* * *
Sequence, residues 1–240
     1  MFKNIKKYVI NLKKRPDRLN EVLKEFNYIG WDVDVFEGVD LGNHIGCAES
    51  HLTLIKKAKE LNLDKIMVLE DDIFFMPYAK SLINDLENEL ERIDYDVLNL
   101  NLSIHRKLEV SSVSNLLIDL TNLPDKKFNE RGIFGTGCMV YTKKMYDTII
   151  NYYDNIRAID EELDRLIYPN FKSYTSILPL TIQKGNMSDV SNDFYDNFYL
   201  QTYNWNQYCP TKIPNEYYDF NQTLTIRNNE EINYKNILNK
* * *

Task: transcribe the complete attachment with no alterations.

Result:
Sequence, residues 1–240
     1  MFKNIKKYVI NLKKRPDRLN EVLKEFNYIG WDVDVFEGVD LGNHIGCAES
    51  HLTLIKKAKE LNLDKIMVLE DDIFFMPYAK SLINDLENEL ERIDYDVLNL
   101  NLSIHRKLEV SSVSNLLIDL TNLPDKKFNE RGIFGTGCMV YTKKMYDTII
   151  NYYDNIRAID EELDRLIYPN FKSYTSILPL TIQKGNMSDV SNDFYDNFYL
   201  QTYNWNQYCP TKIPNEYYDF NQTLTIRNNE EINYKNILNK